because no matter how young a cop is, I'd never refer to him as a 'boy'!

Besides, I sense a certain chronology in the song - the scene is set,
then the cop comes along, then the boy is spared by the efforts of his
father - it doesn't all happen at the same time.
And, I don't know where kitchen doors are in houses in Britain, but I'd
say they were at the back of the house, in most cases... why would a cop
go all the way around to the back door of a residence when he was making
an official visit, instead of to the front door? And why wouldn't he
have stopped to talk to the "insect-headed worker wife" (who was hanging
up laundry in the back yard, if you insist all this is happening at the
same time, which seems to be a prerequisite of the other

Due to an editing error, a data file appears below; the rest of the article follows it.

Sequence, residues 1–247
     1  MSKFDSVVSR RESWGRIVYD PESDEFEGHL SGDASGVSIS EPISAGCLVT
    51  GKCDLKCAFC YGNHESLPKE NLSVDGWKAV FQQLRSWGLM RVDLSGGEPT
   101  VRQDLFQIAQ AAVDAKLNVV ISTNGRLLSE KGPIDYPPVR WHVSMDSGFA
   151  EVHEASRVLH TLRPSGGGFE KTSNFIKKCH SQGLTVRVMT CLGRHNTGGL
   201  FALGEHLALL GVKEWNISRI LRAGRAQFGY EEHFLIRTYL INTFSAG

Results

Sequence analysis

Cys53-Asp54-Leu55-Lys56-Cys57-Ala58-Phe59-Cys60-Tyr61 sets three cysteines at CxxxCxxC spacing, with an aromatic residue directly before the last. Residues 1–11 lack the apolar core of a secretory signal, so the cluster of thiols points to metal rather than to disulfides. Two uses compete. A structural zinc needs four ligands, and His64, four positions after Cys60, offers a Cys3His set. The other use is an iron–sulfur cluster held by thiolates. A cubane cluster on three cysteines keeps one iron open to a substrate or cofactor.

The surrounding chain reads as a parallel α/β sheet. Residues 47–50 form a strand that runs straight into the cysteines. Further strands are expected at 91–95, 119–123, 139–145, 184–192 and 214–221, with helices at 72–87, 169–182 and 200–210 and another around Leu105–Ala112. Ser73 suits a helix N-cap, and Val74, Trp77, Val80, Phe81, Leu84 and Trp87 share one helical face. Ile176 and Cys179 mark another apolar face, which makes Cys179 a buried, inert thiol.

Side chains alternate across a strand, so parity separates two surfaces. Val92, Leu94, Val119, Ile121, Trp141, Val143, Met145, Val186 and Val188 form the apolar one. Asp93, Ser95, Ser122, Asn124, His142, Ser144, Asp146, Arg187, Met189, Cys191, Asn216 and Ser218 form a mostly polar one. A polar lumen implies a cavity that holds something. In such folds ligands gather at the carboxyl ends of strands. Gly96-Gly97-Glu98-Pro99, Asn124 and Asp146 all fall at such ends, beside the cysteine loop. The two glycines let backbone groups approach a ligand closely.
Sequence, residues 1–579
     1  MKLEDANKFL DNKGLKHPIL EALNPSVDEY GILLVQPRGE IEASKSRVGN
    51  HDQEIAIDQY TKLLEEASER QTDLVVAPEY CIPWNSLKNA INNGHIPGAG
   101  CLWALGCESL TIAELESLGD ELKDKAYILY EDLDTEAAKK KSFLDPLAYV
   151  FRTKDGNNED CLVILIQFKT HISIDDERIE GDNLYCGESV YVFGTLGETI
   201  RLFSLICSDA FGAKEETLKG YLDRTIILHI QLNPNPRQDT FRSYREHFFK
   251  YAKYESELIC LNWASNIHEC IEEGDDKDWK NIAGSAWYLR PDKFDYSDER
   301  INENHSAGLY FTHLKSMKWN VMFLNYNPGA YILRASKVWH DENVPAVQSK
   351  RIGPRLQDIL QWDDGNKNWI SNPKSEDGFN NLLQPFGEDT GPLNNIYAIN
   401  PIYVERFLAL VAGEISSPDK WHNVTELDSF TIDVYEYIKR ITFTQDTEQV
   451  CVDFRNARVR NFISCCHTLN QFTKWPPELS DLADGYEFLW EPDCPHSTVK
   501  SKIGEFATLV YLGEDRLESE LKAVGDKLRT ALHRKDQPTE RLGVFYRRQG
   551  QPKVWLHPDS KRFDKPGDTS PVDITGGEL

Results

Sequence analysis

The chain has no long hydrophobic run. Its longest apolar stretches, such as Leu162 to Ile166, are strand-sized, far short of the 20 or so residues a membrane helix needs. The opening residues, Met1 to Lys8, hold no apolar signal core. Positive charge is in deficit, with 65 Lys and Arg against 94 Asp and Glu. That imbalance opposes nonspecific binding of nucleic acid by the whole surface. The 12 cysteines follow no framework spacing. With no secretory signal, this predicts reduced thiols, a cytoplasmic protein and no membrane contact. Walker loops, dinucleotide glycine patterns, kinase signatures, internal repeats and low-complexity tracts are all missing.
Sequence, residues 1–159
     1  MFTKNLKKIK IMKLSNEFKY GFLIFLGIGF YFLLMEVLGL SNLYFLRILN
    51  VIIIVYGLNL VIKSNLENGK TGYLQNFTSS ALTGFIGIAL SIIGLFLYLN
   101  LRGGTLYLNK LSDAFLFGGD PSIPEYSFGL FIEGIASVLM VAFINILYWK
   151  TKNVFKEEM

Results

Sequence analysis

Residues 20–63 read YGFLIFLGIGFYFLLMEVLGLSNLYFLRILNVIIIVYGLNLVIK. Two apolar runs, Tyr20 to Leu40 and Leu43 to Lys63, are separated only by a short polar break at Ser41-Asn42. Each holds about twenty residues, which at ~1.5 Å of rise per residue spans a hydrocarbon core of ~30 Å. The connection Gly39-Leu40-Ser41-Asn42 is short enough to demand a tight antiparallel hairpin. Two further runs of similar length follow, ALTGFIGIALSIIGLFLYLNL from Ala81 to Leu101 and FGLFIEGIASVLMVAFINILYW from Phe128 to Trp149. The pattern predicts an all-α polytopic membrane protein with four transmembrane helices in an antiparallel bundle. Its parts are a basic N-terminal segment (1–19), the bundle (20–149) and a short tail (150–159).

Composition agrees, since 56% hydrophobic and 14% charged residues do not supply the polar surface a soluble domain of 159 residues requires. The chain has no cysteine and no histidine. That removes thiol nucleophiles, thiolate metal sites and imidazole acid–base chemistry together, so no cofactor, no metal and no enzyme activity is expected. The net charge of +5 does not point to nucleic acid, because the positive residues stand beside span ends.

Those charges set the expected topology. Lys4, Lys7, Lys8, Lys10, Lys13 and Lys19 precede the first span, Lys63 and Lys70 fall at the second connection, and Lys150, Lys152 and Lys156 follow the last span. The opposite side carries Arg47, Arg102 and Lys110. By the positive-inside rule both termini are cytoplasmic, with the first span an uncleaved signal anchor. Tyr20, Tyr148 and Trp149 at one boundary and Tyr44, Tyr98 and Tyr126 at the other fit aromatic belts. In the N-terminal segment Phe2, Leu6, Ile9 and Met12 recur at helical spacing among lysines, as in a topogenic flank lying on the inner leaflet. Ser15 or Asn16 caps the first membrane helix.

interpretations) first - he'd never have to knock at the kitchen door.
She'd see him in.

Do you now understand my line of reasoning?

* Digital & traditional illustration/animation
* Caricaturist-for-hire
* RENDERMAN ~ One-Man Band Ordinaire


Message-ID: <>
Date: Tue, 20 Apr 1999 22:07:02 +0100
From: KT <>
Subject: Re: Two Sons

In article <>, Michael Davies
<> writes
>> >The insect-headed worker-wife will hang her waspies on the line
>> The husband burns his paper, sucks his pipe while studying their
>> cushion-floor
>> His viscous poly-paste breath comes out, their wall-paper world is
>> shattered by his shout
>> A boy in blue is busy banging out a headache on the kitchen
>> door.<
>Where do you get *two* sons from?
>And what is a "cushion-floor"?

 I guessing they don't have the phrase 'boy in blue' in america.. A boy
in blue is a policeman, if you don't know..

no idea what cushion-floor means, mayby all the cusions are on the
Katy Coope


Message-Id: <>
From: "Mark Strijbos" <>
Date: Wed, 21 Apr 1999 21:19:11 +0200
Subject: XTC Live Pix

Dear Chalkers,

I've just uploaded a very nice series of 'live in concert' pix from the
1982 concert in Lyon, France to my site. Many thanks to Roger
Salem for contributing these "new" exclusive pictures.